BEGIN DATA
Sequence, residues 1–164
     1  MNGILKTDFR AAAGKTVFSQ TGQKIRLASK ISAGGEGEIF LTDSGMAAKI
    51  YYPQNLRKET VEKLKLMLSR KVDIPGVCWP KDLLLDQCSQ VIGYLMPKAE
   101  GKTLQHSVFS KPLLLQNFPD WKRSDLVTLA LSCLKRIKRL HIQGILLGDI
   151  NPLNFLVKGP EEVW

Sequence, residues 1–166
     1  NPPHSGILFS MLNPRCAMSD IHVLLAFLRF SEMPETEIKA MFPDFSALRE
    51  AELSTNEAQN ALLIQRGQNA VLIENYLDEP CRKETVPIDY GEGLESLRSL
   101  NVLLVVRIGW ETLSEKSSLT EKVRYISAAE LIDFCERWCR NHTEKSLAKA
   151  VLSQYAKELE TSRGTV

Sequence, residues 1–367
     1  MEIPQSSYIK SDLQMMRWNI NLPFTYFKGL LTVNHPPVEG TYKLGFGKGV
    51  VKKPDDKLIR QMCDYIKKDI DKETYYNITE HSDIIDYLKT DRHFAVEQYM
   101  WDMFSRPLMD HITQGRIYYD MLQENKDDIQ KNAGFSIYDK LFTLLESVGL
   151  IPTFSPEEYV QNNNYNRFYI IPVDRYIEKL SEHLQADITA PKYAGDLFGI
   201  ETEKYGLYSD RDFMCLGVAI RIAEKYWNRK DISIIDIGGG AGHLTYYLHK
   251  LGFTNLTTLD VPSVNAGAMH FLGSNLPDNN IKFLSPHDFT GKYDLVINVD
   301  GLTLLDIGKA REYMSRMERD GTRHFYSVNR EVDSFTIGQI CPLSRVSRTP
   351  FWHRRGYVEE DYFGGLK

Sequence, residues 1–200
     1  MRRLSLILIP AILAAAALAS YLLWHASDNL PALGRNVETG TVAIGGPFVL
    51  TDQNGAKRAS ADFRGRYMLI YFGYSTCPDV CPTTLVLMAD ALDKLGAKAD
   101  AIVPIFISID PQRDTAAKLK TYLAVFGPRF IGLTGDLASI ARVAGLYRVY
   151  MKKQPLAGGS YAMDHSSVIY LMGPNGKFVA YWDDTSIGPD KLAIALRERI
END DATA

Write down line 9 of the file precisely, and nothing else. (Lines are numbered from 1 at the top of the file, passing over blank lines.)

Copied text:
   101  NVLLVVRIGW ETLSEKSSLT EKVRYISAAE LIDFCERWCR NHTEKSLAKA